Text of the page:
Berson UV Disinfection Technology Ensures American Water Reclamation Facility Exceeds Faecal Output Limits
Berson UV disinfection equipment is helping the award-winning Flat Creek Water Reclamation Facility (WRF) in Georgia, USA, exceed permit limits for faecal output by a significant margin. The Berson systems were installed by its American sister company.
“We installed three Berson medium pressure InLine UV systems over six years ago, adding three more in 2004, and they have performed exactly as expected, with all our faecal samples well below the permit limit,” commented Flat Creek’s Plant Manager Michael West.
The Flat Creek WRF recently gained a second place National Clean Water Act Recognition Award for operations and maintenance from the US Environment Protection Agency (USEPA). According to the USEPA, the Flat Creek Water Reclamation Facility is one of the two treatment plants in Georgia recognized for “their innovative approaches and achievements,” which “improve water quality and protect public health and the environment in the communities they serve.”
The Berson units are arranged in three trains of two chambers each, providing a ‘series’ approach to ensure adequate disinfection to the 23 faecal colonies per 100ml sample required by the National Pollution Discharge Elimination System (NPDES) permit. The systems are designed to treat a combined total of over 45 million litres per day of wastewater (up to 80% industrial and 20% low level commercial and residential) for discharge into nearby Lake Lanier. “With the impact of the severe drought in our area causing the level of the lake to fall to historically low levels, every drop of reclaimed water that can possibly be returned to the lake is essential,” added West.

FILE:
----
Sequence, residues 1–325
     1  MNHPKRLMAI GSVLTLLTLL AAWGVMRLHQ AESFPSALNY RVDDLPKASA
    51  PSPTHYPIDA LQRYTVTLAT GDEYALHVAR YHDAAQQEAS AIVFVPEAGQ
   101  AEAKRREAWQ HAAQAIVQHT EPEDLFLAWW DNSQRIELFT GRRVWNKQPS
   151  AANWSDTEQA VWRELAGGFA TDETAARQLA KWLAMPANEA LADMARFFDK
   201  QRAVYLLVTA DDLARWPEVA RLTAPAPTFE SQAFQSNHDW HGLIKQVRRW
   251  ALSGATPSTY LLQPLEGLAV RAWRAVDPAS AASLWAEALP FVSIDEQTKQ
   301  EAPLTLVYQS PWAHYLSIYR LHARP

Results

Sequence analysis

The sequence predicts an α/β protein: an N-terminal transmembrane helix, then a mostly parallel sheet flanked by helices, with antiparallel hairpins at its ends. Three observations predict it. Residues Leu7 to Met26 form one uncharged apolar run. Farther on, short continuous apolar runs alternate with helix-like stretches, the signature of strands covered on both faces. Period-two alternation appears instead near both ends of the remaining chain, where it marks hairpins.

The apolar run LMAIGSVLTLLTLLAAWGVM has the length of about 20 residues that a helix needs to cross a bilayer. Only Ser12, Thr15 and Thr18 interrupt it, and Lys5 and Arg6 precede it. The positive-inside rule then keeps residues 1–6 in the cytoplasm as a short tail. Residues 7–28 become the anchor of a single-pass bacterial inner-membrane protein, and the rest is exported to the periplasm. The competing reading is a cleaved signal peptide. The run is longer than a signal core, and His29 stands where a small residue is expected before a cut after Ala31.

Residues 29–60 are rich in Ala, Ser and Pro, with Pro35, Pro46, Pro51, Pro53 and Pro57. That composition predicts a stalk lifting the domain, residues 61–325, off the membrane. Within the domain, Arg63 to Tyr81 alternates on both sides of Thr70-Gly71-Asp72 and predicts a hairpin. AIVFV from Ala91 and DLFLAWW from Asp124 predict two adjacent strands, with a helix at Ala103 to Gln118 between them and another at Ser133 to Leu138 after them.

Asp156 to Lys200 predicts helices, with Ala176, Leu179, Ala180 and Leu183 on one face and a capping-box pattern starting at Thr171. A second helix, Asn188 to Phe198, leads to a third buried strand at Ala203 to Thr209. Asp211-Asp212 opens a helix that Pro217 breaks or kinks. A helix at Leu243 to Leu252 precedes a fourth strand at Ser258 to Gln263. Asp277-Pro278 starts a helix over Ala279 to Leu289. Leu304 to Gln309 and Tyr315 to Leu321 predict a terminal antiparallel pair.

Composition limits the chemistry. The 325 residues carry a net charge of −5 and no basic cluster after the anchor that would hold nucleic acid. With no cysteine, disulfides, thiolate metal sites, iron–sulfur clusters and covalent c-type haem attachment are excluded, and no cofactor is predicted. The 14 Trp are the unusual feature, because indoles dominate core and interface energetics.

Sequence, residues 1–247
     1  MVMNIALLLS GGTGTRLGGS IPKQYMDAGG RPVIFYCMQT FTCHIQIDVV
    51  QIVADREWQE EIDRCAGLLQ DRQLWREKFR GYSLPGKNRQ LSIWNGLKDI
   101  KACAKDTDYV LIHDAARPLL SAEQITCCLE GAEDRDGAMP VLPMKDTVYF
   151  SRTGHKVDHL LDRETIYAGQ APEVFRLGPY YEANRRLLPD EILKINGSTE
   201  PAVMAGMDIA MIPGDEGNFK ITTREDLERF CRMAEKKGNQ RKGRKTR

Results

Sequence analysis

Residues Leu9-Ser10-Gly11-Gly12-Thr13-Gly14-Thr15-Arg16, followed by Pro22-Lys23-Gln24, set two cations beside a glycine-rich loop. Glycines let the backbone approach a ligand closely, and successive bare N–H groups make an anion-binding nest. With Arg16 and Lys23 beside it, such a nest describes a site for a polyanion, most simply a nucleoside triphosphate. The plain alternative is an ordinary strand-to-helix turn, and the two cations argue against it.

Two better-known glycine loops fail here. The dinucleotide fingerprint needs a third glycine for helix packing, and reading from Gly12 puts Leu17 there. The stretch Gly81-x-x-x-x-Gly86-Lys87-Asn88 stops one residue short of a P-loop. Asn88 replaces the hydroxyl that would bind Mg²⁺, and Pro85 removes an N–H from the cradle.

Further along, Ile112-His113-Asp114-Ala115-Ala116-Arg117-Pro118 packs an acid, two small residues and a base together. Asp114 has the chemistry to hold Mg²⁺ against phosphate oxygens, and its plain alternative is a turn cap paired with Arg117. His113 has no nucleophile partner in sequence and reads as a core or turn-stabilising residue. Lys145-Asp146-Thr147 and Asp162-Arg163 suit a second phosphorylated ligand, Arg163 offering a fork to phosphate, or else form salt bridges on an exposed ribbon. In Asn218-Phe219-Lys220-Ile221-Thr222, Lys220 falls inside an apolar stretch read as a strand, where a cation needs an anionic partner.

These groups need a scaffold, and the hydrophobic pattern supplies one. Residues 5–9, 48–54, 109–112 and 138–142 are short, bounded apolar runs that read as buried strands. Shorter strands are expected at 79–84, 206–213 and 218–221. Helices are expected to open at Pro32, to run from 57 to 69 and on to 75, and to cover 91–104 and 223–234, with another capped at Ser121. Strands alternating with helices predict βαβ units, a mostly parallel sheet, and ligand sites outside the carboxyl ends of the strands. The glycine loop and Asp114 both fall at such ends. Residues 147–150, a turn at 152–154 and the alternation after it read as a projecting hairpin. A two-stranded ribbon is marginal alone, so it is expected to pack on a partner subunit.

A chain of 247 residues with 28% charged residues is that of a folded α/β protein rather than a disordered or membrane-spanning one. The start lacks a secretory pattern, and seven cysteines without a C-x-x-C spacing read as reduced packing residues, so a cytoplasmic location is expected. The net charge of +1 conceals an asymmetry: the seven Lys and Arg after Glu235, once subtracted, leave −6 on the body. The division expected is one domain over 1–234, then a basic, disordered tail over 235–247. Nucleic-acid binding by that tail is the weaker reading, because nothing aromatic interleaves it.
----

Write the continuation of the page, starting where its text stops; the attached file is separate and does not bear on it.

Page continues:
Berson InLine systems use high-output, medium pressure UV technology to deliver a high dose of UV disinfection which destroys microorganisms with fewer and smaller lamps than comparable low pressure systems. The closed chambers are compatible with both gravity fed and pumped applications, providing low maintenance disinfection with minimal headloss.
This closed pipe design was an important feature for the City of Gainesville, which Flat Creek serves. When first selecting UV equipment for the Flat Creek WRF, representatives from the City’s Public Utilities Department visited several neighbouring metro Atlanta facilities and examined a range of open and closed pipe systems from various manufacturers. “The excessive man-hours required to keep an open channel unit clean was a large factor in choosing the Berson closed channel system initially,” said West.
Ease of handling was another feature in Berson’s favour, according to West, as rather than handling an entire bank of lamps at a time, the InLine’s single lamps may be changed quickly and easily by plant personnel. To further reduce maintenance, the chambers are equipped with an automatic cleaning mechanism to keep lamp sleeves free of organic deposits.
The systems feature Berson’s UVTronic™ microprocessor controls and transmittance monitors specifically designed for wastewater, providing real time transmittance values that allow for dose pacing of the UV system. The control unit records up to 12 months of operational data for record keeping and analysis and generates discrete fault alarms to aid in the diagnosis of performance problems. The controller can also be fitted with a modem connection to perform remote diagnostics on the system for fast troubleshooting with minimal service interruption.